So, for example, let’s say we need 150 Watts (51.76 dBm) to reach 100 V/m (163.52 dBuB/m) in our system. Since we need to add 6 dB to the field, we also need to add 6 dB to the amplifier, so we need 51.76 + 6 = 57.76 dBm. From what we’ve learned so far, that’s:

10^{(57.76/10)} = 597,035 mW = 597 Watts, which is a big difference from 150 Watts.

**Story Time**

Given everything above, and with a little practice, the simple math of EMC can be learned and applied in different ways. During the author’s time in the laboratory, a customer thought they knew ways to get their device to “pass” by applying some of the math above, albeit incorrectly.

While testing CE101, the measurement was 3 dB above the limit for current harmonics. All measurement system integrities were verified, and the author was able to see the measurement on an analyzer. The customer representative asked them to “subtract out our ambient” since the laboratory could have been noisy. While the author and his colleagues agreed, they reminded the customer that actually subtracting the dBuA levels was inappropriate and the numbers MUST be converted to linear terms.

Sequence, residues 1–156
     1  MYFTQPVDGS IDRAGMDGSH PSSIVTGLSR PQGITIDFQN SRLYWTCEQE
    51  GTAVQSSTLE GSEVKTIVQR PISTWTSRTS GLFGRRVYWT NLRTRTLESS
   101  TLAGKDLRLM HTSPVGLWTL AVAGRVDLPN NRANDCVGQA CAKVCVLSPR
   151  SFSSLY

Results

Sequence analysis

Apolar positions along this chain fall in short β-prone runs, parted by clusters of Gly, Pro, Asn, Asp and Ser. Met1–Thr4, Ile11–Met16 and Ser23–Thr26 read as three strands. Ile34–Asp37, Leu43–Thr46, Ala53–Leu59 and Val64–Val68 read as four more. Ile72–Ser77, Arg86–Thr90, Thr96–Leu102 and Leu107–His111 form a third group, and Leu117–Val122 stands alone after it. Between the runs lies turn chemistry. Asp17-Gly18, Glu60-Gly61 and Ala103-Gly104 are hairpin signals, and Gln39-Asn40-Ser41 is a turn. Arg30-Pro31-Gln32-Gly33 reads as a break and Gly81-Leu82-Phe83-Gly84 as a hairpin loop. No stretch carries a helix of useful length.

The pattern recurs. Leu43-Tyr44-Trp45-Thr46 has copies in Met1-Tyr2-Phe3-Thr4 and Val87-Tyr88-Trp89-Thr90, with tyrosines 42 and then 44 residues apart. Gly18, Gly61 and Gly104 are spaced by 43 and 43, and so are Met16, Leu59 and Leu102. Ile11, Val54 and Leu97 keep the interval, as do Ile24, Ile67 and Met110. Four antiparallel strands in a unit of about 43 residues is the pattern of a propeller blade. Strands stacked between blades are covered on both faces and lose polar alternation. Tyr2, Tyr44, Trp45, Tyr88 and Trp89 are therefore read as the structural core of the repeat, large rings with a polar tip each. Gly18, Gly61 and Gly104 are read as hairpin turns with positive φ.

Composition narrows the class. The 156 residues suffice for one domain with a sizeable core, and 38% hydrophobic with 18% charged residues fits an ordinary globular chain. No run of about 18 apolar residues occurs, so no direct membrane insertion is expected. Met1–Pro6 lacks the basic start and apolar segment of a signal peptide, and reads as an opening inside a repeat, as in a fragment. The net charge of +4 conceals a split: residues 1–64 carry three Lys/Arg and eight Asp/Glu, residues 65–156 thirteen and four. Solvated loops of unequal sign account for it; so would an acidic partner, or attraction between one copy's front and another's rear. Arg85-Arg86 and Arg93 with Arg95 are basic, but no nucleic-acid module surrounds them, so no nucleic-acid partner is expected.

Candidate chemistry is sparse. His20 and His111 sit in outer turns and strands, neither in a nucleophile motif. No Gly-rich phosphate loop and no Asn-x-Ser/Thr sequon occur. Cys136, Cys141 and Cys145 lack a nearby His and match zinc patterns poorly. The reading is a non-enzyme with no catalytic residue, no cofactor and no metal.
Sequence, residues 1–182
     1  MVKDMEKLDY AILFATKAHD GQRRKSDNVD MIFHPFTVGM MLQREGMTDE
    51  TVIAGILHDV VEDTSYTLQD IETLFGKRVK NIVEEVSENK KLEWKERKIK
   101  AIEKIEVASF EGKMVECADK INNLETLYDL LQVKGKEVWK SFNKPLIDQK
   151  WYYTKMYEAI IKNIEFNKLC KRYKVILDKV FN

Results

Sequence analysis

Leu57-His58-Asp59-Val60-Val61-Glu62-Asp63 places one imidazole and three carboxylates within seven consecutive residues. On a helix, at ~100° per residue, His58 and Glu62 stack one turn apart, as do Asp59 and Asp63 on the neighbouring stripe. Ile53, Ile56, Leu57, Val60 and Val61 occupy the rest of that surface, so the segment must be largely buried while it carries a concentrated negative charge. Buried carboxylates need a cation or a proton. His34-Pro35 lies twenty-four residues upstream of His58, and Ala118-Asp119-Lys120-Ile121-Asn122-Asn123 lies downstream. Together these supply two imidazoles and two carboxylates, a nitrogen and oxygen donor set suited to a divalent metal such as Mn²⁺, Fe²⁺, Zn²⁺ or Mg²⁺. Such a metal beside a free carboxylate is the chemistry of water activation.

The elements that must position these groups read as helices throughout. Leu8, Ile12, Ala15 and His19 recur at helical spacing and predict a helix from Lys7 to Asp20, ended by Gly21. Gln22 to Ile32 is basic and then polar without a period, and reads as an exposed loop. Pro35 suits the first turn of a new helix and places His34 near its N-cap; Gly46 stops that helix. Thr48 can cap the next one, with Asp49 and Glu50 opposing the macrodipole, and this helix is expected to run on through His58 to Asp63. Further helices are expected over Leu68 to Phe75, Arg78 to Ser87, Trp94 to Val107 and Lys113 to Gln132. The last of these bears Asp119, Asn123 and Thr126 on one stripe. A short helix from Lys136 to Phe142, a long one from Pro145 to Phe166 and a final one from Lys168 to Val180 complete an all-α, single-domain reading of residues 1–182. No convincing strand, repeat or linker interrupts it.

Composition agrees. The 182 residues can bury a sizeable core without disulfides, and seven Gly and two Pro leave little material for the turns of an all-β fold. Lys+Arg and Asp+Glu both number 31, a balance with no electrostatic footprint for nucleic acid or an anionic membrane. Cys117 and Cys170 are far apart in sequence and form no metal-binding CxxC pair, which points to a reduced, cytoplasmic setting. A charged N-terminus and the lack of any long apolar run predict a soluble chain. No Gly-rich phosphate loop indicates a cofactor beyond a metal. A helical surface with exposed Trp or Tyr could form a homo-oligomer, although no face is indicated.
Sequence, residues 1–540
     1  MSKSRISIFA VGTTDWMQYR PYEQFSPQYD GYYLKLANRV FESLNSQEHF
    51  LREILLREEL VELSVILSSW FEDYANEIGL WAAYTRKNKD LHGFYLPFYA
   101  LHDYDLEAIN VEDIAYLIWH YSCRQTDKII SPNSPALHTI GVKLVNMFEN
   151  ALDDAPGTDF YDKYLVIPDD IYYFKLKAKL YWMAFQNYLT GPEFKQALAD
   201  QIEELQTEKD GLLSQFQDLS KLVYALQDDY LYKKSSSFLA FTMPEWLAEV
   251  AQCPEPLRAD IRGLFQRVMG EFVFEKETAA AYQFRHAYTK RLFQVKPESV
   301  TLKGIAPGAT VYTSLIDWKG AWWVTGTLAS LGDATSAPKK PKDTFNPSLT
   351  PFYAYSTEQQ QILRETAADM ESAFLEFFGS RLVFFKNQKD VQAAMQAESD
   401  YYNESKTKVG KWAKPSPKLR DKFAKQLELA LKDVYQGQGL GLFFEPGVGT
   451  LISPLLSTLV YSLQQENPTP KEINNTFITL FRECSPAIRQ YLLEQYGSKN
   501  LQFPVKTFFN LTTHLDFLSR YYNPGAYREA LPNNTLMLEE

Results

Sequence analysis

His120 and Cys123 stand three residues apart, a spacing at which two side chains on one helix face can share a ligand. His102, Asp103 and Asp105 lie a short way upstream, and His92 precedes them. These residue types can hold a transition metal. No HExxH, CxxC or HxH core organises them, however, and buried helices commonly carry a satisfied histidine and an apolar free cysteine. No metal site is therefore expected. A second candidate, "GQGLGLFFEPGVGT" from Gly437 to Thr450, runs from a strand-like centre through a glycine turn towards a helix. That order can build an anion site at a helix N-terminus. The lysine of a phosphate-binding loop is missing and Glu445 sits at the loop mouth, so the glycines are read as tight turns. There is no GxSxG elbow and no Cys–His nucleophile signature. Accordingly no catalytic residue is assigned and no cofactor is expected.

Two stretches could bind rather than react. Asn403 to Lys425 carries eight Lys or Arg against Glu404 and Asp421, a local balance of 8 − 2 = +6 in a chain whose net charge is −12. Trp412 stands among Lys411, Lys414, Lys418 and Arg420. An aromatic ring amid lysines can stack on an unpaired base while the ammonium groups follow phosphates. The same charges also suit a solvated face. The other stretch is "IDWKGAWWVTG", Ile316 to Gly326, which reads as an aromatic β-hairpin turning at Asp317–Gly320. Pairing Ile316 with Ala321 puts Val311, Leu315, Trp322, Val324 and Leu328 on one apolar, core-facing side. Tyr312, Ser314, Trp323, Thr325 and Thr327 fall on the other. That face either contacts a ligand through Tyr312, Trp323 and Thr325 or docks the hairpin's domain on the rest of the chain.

The limit level was 100 dBuA, and the measurement was approximately 103.50 dBuA. The noise floor of the analyzer when everything was connected was about 73 dBuA.

So, they showed the customer the following math.

Measurement → 10^{(103.5/20)} = 149,623.56 uA

Ambient → 10^{(73/20)} = 4,466.84 uA

Subtracting → 149,623.56 uA – 4,466.84 uA = 145,156.72 uA

Go back to dB → 20log(145,156.72) = 103.24

STILL 3 dB ABOVE THE LIMIT

So, just remember how to apply things correctly, and you’ll have success in any EMC laboratory you may walk into.